They don't however, give this literature to the critters. When we were there we stopped early one morning at a geyser basin to hike and a herd of bison came down the hillside and through the parking lot. My husband was in the bathroom at the time and when he opened the door, his exit was blocked by half the herd maybe 10 feet away. This a far, far closer than the rangers advise you to get. He just stood very still while they mosied on by displaying zero interest in him.

In addition to info about the animals, the Park literature also tells you important stuff like "stay on the paths/boardwalks" and "don't walk through unmarked thermal areas." You'd think common sense would make such warnings unnecessary, but we actually saw one woman tell her children to step off the boardwalk to get closer to the bubbling hot spring so she could get a better photo.

If you just don't think of Yellowstone as Disneyworld, you'll be fine. These are wild animals, but as long as you observe them from a safe distance they aren't going to come attack you for no reason.

Yellowstone is an incredible place. Go and enjoy it. Get up early to beat the crowds and stay out late enough to see the often fabulous sunsets.
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Old Mar 22nd, 2005, 07:14 PM
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The animals in Yellowstone are wild. Do not approach them. You will be fine in your vehicle.

Hayden Valley is a great place to be in the early morning or dusk to observe wild life. Some years we have seen bears and some we haven't. One time we saw a grizzly bear...we stayed in the motorhome, but we saw others following after him...STUPID FOOLS! On another occasion we saw people approaching a moose and the ranger came by and told them to get back.

Bears, moose and buffalo can move very fast so keep a distance!

Utahtea
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Old Mar 22nd, 2005, 07:21 PM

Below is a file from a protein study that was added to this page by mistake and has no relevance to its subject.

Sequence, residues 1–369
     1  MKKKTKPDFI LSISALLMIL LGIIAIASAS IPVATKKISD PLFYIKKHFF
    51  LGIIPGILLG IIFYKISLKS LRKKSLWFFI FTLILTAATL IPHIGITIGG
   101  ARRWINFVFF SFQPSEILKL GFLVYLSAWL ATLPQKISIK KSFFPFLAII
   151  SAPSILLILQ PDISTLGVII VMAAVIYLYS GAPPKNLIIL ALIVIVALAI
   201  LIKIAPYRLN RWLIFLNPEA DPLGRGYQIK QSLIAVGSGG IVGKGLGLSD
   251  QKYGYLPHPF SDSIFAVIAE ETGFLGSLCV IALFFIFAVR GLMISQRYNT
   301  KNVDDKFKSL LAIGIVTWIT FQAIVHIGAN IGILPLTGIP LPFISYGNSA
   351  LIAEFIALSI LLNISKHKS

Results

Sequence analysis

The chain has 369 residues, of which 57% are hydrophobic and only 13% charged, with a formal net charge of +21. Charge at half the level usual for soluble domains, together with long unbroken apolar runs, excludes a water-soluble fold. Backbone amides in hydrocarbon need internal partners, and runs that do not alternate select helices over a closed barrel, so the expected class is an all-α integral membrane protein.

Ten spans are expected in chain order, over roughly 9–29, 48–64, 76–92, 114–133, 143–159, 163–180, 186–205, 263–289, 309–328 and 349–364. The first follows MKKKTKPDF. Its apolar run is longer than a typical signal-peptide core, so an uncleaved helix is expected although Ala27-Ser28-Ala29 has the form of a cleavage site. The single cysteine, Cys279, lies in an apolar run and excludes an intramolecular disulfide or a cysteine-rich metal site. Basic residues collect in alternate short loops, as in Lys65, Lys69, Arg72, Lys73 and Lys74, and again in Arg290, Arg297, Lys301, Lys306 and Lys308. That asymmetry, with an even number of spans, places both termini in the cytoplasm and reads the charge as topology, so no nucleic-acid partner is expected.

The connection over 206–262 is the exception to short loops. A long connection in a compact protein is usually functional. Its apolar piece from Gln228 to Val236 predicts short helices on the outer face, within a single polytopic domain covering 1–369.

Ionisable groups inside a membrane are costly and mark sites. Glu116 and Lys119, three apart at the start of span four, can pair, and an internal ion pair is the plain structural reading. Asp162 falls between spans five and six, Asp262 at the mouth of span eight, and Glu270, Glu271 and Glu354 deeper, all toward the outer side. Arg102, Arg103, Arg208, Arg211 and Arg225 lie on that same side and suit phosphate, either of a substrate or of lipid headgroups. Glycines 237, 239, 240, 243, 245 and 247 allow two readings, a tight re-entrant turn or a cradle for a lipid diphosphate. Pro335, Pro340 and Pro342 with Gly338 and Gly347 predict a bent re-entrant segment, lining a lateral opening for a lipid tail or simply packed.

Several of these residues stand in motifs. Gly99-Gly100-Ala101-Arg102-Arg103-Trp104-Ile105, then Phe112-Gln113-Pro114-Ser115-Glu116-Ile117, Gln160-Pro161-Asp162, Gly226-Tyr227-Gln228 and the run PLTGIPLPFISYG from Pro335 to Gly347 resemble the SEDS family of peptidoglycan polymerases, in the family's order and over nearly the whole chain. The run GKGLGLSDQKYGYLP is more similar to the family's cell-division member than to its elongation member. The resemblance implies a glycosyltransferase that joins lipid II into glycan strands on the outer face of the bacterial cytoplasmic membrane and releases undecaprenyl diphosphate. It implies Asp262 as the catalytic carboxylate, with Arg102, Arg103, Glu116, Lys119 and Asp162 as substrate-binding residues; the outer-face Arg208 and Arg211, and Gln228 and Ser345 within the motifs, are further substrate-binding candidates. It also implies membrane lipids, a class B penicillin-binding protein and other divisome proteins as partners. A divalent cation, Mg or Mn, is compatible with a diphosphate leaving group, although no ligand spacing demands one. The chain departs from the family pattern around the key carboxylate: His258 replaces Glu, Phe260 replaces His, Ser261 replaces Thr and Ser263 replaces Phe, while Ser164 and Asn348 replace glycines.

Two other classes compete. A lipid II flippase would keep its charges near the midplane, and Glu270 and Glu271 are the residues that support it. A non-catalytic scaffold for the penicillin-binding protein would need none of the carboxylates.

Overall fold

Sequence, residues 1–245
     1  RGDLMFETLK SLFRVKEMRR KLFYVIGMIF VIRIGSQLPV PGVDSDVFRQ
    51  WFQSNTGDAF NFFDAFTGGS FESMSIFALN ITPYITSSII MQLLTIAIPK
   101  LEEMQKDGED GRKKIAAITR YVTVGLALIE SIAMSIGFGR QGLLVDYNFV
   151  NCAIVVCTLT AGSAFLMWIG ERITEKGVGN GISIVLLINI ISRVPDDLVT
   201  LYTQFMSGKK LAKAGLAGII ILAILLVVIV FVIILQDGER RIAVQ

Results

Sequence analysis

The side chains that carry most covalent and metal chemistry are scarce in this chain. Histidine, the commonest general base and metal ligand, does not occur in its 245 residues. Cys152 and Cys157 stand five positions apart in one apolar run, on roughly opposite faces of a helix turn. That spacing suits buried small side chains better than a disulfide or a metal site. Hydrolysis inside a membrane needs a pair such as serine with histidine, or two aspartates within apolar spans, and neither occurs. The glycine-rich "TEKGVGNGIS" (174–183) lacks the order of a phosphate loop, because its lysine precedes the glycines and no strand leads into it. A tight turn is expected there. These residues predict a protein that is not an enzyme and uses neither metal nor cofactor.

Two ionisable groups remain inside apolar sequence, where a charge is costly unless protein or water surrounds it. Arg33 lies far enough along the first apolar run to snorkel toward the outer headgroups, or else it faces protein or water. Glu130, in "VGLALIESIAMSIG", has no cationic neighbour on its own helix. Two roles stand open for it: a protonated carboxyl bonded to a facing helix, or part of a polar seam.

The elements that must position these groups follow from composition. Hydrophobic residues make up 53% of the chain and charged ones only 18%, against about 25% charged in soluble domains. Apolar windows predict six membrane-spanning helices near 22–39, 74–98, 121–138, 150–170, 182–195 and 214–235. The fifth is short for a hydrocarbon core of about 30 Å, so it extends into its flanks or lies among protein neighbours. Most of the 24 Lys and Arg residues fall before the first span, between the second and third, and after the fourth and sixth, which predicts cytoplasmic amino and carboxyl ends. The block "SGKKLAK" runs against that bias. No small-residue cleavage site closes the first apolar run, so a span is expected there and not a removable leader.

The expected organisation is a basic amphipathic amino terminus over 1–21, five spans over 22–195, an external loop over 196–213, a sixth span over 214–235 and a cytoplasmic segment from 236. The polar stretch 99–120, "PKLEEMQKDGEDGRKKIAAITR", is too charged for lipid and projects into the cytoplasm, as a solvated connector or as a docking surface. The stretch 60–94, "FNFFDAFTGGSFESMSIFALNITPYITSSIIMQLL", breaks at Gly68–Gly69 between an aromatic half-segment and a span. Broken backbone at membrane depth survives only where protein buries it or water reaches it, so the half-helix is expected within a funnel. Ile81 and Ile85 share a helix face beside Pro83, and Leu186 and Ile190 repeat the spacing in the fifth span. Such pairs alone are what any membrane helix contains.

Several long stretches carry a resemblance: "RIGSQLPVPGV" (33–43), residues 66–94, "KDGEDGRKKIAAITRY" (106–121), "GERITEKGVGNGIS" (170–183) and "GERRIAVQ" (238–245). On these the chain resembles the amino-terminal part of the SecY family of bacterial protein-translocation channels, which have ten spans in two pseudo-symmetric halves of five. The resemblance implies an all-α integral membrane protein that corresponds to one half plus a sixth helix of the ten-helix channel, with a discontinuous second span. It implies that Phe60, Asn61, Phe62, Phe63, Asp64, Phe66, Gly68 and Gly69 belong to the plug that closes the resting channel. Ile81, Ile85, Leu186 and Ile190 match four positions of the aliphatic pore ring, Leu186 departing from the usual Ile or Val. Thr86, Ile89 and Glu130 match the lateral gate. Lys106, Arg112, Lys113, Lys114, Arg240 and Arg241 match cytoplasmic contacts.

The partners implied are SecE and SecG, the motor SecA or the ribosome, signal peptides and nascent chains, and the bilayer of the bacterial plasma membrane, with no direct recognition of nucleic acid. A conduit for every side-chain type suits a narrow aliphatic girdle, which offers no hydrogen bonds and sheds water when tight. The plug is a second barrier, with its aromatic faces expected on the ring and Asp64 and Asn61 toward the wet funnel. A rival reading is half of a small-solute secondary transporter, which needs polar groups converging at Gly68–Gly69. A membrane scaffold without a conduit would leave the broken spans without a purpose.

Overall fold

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Please don't think anyone telling you they are domesticated is serious. YES they are dangerous. They are wild animals. I've seem plenty of cars in Yosemite with their windows bashed in and their doors yanked off (not to mention refridgerators in Colorado!) Please heed the parks warnings.
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Old Mar 22nd, 2005, 07:34 PM
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When you enter the park, stop at the visitor's center and watch the video. That is warning enough!
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Old Mar 22nd, 2005, 07:45 PM
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it's been a long time but this is one of those things that sort of sticks in your memory.

1960's, one of those overland road trips my parents like the take. I'm somewhere under the age of eight. On the procession of cars tooling along slowly through the park, the car in front of us is committing the cardinal sin of feeding the bears. No Ranger Smith to be seen.

My dad has his arm crooked and resting on the window ledge, rolled down (it would be many years until I saw a car with A/C). Eventually, the bear benefactor ahead of us runs out of marshmallows or just gets bored and starts to move on. We start to move too, but of course, there are BEARS there, which is what you came to see after such a long trip after all, so we didn't rush by. More of a creep by, really.

I can remember though my dad turning to say something to my mom, me in the backseat but pulled as far forward as I could get when the biggest, hairiest head I'd ever seen joined us through dad's window. Way in. Checking to see why we'd been coming up short on sweets when the last window passing by had been so much more generous.